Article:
Bookshop – Retail Books
My sister's a barista, John Simmons Cyan Jan 2005|
OK this is a brandalogue of Starbucks from its inception to its powerhouse today. Since I bought it in Starbucks as you may imagine it is suitably deferential. Did you know that some people have accused Starbucks of carpet bombing cities putting its sites so close together that they put mom and pop cafes out of business. What a terrible accusation - we're a caring company look even our part time staff are on the health program. Author John Simmons is ex Interbrand so should be able to put in a barb or two but I guess you don't bite the hand :-) The growth and success of Starbucks is undoubtedly a phenomenon and it was accomplished through reinventing a category and through highly disciplined branding which still adapts to local environments - look out for my pics of a Starbucks outlet in Jeddah on my blog. But really the ethical issues need to be addressed more directly - the critics may be a wide of the mark and big isn't necessarily bad but bigness means you don't always notice where you are putting your feet. Simmons is good at articulating the core issues where Scott Bedbury made such a difference in boiling (or should that be brewing) the brand down to it's essence. And it's a quick read too.
Shopped, Joanna Blythman Fourth Estate May 2004|
Conspiracy theories and the supermarkets. What is interesting is not just the bad luck that means two exposes of wicked British supermarketing hit the shelves in the same month. No what is interesting is that these are the latest in a number of books slagging off supermarkets. And I am expecting more. Joanna Blythman is a foodie journalist and is determined to expose your local supermarket for the embodiment of evil it is. UK supermarkets destroy biodiversity, have destroyed UK agriculture, wiped out independent shops, decuimated town centres, exploit their employees, suppliers and casual workers, sell fruit and veg that looks cloned and tastes rubbish. And what they really want to do is to get us to eat their processed foods and ready meals so we die of obesity. I have to declare an interest here I've worked for a grocery multiple 3 times in the last year but really this is hysterical rabble rousing stuff. Long on rhetoric short on fact. More irritating is that there is no attempt to understand the systemic forces which make supermarkets the way they are- a supermarket is a piece of technology designed to deliver standard foodstuffs at competitive prices. Which on the whole they do rather well. The most interesting part of the book was a detailed listing of the 'bunce' which stores wring out of suppliers - as recorded by the Competition Commission in 2000 - with the offending supermarkets listed. The ensuing code of practice turned out to be toothless without a single complaint made against a supermarket in the first year. All this demonstrates is that the concentration of power represented by supermarkets is now so great that even governments are largely powerless to do anything about it. But it also suggested to me that the negative impact is a political issue rather than a commercial one. If this book and others like it have a cumulative effect I would predict that supermarkets are going to have to deal with a consumer backlash - much as the banks have done and fast food outlets have found to their cost. It doesn't necessarily mean that people use them much less but that they will come to be seen as poor citizens actively working against the interests of the community. But in summary I wasn't particular convinced by this foodie tirade - I'm not convinced that the so called specialist the supermarkets replaced were as good as the author makes out. The book shows all the hallmarks of having been written in a library. Which is why I prefer Not on the label.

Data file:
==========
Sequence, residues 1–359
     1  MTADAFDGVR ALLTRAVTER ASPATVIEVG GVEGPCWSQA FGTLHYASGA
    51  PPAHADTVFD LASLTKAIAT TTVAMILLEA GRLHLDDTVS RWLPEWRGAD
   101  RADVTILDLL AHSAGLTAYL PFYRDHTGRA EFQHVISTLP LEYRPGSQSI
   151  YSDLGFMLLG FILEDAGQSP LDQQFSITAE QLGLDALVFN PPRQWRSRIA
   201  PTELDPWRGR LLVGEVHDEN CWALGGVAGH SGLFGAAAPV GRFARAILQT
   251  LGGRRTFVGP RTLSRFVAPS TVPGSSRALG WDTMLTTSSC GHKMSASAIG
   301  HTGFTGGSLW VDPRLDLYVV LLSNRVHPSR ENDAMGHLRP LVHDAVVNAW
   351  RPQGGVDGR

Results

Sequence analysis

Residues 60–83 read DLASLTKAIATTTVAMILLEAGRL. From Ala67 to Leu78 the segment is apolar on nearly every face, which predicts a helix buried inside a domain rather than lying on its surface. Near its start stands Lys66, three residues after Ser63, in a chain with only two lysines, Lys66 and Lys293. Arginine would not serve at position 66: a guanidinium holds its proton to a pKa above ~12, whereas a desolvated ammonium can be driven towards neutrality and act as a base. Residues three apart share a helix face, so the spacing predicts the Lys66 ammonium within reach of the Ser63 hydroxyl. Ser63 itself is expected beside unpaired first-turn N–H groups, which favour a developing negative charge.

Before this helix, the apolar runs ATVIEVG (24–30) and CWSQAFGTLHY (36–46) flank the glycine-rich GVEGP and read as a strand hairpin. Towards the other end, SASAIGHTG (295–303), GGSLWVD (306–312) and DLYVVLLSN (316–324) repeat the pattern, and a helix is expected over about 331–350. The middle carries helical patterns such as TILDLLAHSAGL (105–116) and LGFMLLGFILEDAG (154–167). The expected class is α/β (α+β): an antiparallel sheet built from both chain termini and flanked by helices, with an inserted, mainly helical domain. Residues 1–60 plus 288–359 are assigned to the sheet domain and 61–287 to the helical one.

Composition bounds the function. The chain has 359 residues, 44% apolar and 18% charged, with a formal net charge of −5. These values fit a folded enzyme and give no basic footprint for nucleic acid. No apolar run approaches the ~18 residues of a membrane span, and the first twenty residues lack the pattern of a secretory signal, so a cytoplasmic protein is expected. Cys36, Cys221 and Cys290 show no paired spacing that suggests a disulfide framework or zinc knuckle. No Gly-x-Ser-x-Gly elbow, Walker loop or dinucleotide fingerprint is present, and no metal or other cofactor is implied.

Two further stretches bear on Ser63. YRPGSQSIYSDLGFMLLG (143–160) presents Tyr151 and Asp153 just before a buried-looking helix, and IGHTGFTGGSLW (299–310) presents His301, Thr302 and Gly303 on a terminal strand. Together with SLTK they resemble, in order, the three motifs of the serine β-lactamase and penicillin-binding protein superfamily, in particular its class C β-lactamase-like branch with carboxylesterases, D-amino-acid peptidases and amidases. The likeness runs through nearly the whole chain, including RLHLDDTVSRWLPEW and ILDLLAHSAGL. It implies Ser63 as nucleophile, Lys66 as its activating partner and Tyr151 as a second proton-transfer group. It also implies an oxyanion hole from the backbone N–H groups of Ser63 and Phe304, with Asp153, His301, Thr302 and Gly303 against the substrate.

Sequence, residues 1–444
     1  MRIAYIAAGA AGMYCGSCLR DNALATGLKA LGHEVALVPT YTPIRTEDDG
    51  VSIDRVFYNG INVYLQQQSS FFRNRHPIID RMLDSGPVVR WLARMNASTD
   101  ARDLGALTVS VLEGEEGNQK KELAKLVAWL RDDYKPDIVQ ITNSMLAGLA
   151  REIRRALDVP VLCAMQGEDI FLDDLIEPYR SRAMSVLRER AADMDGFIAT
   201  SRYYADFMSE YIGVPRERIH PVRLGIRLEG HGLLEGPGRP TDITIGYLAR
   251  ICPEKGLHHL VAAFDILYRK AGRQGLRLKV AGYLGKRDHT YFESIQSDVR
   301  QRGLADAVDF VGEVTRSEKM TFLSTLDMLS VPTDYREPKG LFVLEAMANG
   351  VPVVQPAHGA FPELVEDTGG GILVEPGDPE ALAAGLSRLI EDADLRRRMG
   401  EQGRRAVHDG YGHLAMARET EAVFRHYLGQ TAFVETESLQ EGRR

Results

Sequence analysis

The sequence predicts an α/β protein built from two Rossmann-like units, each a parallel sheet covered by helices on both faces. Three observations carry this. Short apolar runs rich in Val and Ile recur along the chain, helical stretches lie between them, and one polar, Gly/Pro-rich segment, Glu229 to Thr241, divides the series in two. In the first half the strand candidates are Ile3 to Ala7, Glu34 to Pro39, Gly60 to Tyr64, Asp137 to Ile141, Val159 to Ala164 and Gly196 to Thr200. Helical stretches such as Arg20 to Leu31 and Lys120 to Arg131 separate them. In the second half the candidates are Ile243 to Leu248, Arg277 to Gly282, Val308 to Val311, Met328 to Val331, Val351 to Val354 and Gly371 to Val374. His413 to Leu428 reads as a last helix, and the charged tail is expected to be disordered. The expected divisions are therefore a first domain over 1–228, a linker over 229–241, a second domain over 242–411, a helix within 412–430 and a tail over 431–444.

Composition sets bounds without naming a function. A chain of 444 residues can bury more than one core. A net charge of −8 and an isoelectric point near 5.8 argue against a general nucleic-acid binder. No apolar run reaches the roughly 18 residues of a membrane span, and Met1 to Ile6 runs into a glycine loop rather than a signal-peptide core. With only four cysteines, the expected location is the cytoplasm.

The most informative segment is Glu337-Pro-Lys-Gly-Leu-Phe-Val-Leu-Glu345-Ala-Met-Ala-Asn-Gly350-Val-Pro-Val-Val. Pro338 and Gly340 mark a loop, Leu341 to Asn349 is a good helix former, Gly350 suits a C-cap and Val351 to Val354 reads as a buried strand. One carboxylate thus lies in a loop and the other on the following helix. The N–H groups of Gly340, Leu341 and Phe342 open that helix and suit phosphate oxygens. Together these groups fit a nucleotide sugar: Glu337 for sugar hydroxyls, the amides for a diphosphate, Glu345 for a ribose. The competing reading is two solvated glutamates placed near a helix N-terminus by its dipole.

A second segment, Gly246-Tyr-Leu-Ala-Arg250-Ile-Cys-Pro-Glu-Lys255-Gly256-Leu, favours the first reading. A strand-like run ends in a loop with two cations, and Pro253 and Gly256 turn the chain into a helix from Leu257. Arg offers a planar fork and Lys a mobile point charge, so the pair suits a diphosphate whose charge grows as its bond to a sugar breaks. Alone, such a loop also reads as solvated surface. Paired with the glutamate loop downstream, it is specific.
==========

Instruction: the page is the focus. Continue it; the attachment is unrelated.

Not on the label, Felicity Lawrence May 2004 Penguin|
Another attack on supermarkets this one much better. And the difference is that Felicity Lawrence goes into the field to research her subject matter. And shows another side to Britain - casual workers often illegal immigrants being bussed from farm to farm and processing centre to processing centre by gangmasters. And the product horror stories: Salad washed in chlorine many times stronger than the local swimming pool. Chicken portions injected with water and beef and pork proteins to give it more body. If there are chemicals in your food it's to stop the food making you sick in the first place! This is the food industry - we don't live in Provence - and I bet in Provence they do the same. Felicity Lawrence is guilty like Blythman of looking at the world through Elizabeth David spectacles - though it turns out that once off the farm the distinctions between freerange, organic and fair trade produce become distinctly dubious, But her book focuses on the societal implications of supermarketing - in the end how do you feel about how your food is made and brought to you? Is this civilisation as we know it? It certainly is at odds with the world copywriters are portraying. Of the two I would recommend this one. But in the end this tirade also began to pall. It's too one sided. One thought though - if our food chain is being sustained by an army of illegal immigrants then why are the security forces busy watching for bombs at airports? Surely a biological attack through our supermarkets is more achievable, would be much more lethal and more difficult to prevent? Must write to my MP..